A California judge on Tuesday blocked President Trump’s executive order that sought to withhold federal funds from so-called “sanctuary cities.”
The ruling from U.S. District Judge William Orrick III in San Francisco said that Trump’s order targeted broad categories of federal funding for sanctuary governments, and that plaintiffs challenging the order were likely to succeed in proving it unconstitutional.
The decision will block the measure for now, while the federal lawsuit works its way through the courts.
The news comes on the heels of the Department of Justice threatening on Friday to cut off funding to eight so-called “sanctuary cities,” unless they were able to provide proof to the federal government that they weren’t looking the other way when it came to undocumented immigrants.
San Francisco and Santa Clara County argued that the administration warning threatened billions of dollars in funding for each of them, making it difficult to plan budgets.
“It’s not like it’s just some small amount of money,” John Keker, an attorney for Santa Clara County, told Orrick at the April 14 hearing.
Chad Readler, acting assistant attorney general, said the county and San Francisco were interpreting the executive order too broadly. The funding cutoff applies to three Justice Department and Homeland Security Department grants that require complying with a federal law that local governments not block officials from providing people’s immigration status, he said.
The order would affect less than $1 million in funding for Santa Clara County and possibly no money for San Francisco, Readler said.
Readler argued the Trump administration was using a “bully pulpit” to “encourage communities and states to comply with the law.”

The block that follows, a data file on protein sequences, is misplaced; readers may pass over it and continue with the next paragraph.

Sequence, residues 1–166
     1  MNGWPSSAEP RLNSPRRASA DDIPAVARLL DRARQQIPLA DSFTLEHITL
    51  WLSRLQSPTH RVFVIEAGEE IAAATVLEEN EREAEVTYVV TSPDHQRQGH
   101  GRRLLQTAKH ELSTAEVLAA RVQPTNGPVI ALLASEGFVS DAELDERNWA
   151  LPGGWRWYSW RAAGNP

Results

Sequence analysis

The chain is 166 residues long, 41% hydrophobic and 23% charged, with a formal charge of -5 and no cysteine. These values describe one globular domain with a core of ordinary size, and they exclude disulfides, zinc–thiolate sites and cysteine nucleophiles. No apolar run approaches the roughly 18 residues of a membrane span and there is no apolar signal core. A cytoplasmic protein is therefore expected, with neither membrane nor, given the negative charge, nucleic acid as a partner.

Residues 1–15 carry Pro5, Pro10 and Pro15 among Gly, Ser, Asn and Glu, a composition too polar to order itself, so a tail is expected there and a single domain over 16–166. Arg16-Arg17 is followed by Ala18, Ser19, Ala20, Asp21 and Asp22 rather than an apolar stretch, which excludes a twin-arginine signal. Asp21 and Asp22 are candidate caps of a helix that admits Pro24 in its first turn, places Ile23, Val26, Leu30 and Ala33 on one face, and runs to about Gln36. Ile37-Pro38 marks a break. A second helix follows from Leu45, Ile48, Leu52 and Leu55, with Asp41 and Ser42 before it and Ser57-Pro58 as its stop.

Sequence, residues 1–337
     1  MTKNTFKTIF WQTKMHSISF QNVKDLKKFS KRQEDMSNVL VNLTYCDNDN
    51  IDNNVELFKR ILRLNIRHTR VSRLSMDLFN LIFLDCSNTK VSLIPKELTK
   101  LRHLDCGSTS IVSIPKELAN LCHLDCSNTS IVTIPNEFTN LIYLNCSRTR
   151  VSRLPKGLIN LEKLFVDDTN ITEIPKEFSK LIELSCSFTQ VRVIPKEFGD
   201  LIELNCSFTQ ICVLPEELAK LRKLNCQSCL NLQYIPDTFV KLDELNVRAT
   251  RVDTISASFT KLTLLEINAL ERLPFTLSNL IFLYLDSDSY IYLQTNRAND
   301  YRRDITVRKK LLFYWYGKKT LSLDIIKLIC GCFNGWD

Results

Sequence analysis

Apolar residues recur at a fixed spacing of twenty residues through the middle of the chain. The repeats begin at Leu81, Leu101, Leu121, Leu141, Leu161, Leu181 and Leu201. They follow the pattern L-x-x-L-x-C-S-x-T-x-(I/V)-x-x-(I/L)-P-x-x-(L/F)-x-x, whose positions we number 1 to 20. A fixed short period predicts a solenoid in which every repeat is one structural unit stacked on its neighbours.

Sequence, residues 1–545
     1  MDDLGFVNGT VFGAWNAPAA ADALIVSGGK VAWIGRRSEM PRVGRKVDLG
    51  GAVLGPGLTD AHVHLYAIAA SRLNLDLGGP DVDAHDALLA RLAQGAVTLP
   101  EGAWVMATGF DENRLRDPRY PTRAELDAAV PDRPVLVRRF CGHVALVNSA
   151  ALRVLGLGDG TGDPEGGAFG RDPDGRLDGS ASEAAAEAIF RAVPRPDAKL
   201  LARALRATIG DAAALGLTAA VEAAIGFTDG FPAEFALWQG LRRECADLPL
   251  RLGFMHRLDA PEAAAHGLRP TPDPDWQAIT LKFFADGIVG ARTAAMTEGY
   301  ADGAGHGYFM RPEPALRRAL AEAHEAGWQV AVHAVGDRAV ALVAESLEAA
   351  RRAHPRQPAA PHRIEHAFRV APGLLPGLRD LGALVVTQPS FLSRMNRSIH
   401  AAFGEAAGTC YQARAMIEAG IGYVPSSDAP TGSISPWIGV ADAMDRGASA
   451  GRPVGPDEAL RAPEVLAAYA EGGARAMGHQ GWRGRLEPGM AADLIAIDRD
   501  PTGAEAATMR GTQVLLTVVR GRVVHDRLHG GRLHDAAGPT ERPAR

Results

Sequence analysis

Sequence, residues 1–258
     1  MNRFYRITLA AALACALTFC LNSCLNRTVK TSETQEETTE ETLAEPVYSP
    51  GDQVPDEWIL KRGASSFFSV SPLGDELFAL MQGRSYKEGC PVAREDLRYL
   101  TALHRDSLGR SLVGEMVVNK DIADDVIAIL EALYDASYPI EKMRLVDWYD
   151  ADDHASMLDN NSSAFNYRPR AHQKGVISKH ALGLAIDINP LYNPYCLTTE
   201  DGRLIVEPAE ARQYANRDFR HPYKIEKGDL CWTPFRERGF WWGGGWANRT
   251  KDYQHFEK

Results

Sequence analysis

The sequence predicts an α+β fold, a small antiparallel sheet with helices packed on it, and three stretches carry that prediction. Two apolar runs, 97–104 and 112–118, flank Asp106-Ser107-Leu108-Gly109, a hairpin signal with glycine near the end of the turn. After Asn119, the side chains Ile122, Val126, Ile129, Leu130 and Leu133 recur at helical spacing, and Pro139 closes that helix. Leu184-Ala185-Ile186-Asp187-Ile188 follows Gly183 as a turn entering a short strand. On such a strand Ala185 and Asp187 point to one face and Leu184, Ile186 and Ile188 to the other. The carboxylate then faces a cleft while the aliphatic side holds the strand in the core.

In his ruling, Orrick sided with San Francisco and Santa Clara, saying the order “by its plain language, attempts to reach all federal grants, not merely the three mentioned at the hearing.”
“The rest of the order is broader still, addressing all federal funding,” Orrick said. “And if there was doubt about the scope of the order, the president and attorney general have erased it with their public comments.”
He said: “Federal funding that bears no meaningful relationship to immigration enforcement cannot be threatened merely because a jurisdiction chooses an immigration enforcement strategy of which the president disapproves.”
The judge clarified that the injunction “does not impact the Government’s ability to use lawful means to enforce existing conditions of federal grants … nor does it restrict the Secretary from developing regulations or preparing guidance on designating a jurisdiction as a ‘sanctuary jurisdiction.’”
The Trump administration says sanctuary cities allow dangerous criminals back on the street and that the order is needed to keep the country safe. San Francisco and other sanctuary cities say turning local police into immigration officers erodes trust that’s needed to get people to report crime.
The order also has led to lawsuits by Seattle; two Massachusetts cities, Lawrence and Chelsea; and a third San Francisco Bay Area government, the city of Richmond. The San Francisco and Santa Clara County suits were the first to get a hearing before a judge.
San Francisco and the county argued in court documents that the president did not have the authority to set conditions on the allocation of federal funds and could not force local officials to enforce federal immigration law.
They also said Trump’s order applied to local governments that didn’t detain immigrants for possible deportation in response to federal requests, not just those that refused to provide people’s immigration status.
The Department of Justice responded that the city and county’s lawsuits were premature because decisions about withholding funds and what local governments qualified as sanctuary cities had yet to be made.
The sanctuary city order was among a flurry of immigration measures Trump has signed since taking office in January, including a ban on travelers from several Muslim-majority countries.
A federal appeals court blocked the original travel ban. The administration then revised it, but the new version also is stalled in court.